Greece debt crisis, a new reform plan to break deadlock

Greece has submitted a plan of economic reforms totalling €13bn late on Thursday, in order to get a three-year €53.5bn loan. The measures proposed by Alexis Tsipras leftist government include tax rises, pension reforms, privatisation and public spending cuts. Athens needs a third bailout to avoid a default and to prevent a possible euro exit.

On Friday, the greek parliament is set to discuss and vote the plan. The proposals will be considered by Eurozone finance ministers on Saturday and by European union leaders at a summit in Brussels on Sunday. The measures include:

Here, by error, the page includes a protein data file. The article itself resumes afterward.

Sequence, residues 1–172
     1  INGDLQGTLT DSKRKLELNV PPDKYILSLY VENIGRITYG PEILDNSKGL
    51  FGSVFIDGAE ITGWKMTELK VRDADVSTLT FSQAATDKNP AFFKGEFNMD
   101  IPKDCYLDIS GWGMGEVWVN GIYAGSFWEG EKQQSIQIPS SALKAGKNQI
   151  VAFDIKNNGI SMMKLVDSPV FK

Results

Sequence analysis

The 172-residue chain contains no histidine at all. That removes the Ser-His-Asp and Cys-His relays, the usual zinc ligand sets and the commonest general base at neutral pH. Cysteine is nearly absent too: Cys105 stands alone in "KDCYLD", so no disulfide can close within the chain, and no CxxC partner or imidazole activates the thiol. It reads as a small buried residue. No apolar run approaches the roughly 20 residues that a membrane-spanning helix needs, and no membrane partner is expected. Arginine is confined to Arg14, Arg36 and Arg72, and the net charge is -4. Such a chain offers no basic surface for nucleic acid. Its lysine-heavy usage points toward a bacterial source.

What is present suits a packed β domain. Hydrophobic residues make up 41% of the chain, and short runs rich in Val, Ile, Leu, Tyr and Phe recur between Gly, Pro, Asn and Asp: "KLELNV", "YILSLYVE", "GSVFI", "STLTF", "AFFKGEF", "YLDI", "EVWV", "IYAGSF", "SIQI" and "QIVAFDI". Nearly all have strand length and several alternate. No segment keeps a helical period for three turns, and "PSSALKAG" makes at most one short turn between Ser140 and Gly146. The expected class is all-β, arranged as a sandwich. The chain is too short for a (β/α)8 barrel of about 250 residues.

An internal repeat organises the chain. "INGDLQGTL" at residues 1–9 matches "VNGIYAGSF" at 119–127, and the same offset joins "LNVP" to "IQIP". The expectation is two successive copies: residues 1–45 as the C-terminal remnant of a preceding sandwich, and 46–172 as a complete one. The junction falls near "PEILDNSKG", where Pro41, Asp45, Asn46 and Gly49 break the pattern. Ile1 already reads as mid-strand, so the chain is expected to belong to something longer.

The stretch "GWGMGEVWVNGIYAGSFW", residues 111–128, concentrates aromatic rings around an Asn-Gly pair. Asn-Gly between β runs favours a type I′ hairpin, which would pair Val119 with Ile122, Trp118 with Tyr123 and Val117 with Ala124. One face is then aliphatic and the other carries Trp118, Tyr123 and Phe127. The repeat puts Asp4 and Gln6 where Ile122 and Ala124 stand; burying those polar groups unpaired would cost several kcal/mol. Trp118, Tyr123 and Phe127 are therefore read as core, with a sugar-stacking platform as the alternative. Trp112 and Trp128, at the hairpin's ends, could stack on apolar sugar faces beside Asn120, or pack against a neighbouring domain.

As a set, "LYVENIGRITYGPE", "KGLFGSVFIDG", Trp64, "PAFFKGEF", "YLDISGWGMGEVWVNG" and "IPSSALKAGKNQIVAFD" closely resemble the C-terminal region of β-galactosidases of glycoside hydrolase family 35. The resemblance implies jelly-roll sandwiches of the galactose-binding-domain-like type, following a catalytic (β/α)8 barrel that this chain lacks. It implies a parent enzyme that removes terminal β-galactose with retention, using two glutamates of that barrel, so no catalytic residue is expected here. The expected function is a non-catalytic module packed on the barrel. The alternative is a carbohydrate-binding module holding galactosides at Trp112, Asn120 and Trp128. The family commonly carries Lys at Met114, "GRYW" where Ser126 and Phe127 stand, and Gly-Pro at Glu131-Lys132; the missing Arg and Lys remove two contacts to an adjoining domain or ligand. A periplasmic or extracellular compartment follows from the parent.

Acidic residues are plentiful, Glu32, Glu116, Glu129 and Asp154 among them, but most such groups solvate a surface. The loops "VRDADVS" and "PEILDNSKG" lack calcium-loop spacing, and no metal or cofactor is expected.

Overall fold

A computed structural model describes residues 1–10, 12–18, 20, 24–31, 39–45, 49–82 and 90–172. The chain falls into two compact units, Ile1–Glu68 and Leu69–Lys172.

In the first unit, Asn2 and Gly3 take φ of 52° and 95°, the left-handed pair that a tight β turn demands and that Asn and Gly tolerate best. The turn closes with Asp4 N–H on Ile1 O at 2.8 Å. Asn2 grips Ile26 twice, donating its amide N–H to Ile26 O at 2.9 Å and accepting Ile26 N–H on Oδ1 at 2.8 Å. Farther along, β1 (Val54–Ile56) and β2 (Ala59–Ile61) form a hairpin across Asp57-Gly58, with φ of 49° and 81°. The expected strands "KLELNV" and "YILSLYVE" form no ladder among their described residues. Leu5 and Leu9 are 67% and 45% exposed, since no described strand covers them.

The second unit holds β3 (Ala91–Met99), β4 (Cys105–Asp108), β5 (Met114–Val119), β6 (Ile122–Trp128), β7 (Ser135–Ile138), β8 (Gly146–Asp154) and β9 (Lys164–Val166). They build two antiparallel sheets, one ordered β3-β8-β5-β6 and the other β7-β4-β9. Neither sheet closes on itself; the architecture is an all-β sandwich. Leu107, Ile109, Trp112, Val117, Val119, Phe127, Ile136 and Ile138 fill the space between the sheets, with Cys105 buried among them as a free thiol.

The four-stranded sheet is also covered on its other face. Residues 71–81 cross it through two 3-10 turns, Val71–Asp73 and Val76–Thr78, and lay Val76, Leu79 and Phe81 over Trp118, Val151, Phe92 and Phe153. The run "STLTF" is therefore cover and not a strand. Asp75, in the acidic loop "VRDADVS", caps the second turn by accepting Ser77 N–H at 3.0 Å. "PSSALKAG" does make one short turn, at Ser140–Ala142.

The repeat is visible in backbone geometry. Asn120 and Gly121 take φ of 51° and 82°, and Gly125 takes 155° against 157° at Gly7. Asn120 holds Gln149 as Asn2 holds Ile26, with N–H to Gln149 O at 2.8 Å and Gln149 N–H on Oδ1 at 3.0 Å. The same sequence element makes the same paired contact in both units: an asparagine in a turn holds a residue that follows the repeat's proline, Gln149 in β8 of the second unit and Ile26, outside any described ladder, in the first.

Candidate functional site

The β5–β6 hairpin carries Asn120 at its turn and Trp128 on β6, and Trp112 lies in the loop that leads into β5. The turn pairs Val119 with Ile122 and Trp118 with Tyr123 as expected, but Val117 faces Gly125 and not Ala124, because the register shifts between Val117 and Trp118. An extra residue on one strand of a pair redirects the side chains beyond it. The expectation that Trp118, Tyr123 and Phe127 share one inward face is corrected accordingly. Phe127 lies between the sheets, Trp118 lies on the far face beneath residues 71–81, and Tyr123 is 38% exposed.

– tax rise on shipping companies and scrapping tax discounts for islands
– unifying VAT rates at standard 23%, including restaurants and catering
– phasing out solidarity grant for pensioners by 2019
– €300m ($332m; £216m) defence spending cuts by 2016

An austerity measures package was rejected by more than 60 % of Greek voters last week, when a referendum was held on July, the 5th: since then, the Syriza-led executive has strenghtened its political mandate and refused to accept troika financial diktats. Although it seems that Tsipras wants to concede, in this last round of talks, the harsh reforms claimed by European commission, International monetary fund and European central bank, it now demands, in return, more than in the past: it aims at a renegotiation and restructuring of its huge debt, which reachs €320 bn.

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